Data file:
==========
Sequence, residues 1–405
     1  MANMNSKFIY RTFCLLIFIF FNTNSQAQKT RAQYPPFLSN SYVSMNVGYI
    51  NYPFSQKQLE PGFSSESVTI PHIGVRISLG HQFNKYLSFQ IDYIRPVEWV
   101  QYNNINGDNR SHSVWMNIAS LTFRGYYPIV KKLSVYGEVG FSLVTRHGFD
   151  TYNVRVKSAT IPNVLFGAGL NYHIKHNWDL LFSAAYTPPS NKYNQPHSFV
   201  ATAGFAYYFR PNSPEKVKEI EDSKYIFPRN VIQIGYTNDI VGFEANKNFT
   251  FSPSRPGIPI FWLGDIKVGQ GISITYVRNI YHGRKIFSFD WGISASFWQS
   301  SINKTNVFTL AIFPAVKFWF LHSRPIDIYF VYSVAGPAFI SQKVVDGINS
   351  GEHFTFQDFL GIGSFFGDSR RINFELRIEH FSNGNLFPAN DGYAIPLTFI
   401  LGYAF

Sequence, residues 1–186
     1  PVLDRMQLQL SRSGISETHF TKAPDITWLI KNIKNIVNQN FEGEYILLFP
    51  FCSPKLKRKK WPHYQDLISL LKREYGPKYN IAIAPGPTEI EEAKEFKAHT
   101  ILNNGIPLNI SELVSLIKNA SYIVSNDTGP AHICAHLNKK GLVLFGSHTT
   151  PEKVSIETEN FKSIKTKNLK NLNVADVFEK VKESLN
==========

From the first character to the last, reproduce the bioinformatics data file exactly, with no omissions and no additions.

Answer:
Sequence, residues 1–405
     1  MANMNSKFIY RTFCLLIFIF FNTNSQAQKT RAQYPPFLSN SYVSMNVGYI
    51  NYPFSQKQLE PGFSSESVTI PHIGVRISLG HQFNKYLSFQ IDYIRPVEWV
   101  QYNNINGDNR SHSVWMNIAS LTFRGYYPIV KKLSVYGEVG FSLVTRHGFD
   151  TYNVRVKSAT IPNVLFGAGL NYHIKHNWDL LFSAAYTPPS NKYNQPHSFV
   201  ATAGFAYYFR PNSPEKVKEI EDSKYIFPRN VIQIGYTNDI VGFEANKNFT
   251  FSPSRPGIPI FWLGDIKVGQ GISITYVRNI YHGRKIFSFD WGISASFWQS
   301  SINKTNVFTL AIFPAVKFWF LHSRPIDIYF VYSVAGPAFI SQKVVDGINS
   351  GEHFTFQDFL GIGSFFGDSR RINFELRIEH FSNGNLFPAN DGYAIPLTFI
   401  LGYAF

Sequence, residues 1–186
     1  PVLDRMQLQL SRSGISETHF TKAPDITWLI KNIKNIVNQN FEGEYILLFP
    51  FCSPKLKRKK WPHYQDLISL LKREYGPKYN IAIAPGPTEI EEAKEFKAHT
   101  ILNNGIPLNI SELVSLIKNA SYIVSNDTGP AHICAHLNKK GLVLFGSHTT
   151  PEKVSIETEN FKSIKTKNLK NLNVADVFEK VKESLN